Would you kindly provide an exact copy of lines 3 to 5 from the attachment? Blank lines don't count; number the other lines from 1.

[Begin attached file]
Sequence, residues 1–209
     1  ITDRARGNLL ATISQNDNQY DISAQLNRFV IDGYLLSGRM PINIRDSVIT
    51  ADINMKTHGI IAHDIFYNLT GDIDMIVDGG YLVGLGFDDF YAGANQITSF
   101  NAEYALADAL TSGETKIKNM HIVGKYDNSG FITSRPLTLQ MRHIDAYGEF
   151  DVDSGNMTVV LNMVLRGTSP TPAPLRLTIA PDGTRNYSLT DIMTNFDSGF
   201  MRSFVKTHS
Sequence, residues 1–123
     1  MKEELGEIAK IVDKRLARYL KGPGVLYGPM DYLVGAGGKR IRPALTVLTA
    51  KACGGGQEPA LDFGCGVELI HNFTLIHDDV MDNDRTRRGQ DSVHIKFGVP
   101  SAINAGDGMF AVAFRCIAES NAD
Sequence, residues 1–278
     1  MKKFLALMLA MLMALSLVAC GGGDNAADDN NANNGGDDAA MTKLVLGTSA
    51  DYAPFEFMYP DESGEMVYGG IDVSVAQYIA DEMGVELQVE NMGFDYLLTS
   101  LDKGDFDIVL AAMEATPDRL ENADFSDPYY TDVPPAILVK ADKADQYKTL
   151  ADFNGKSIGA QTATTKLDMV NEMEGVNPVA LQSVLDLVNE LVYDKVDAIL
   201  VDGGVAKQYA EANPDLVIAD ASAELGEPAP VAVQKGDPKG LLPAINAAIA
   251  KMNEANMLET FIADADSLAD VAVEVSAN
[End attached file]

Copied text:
    51  ADINMKTHGI IAHDIFYNLT GDIDMIVDGG YLVGLGFDDF YAGANQITSF
   101  NAEYALADAL TSGETKIKNM HIVGKYDNSG FITSRPLTLQ MRHIDAYGEF
   151  DVDSGNMTVV LNMVLRGTSP TPAPLRLTIA PDGTRNYSLT DIMTNFDSGF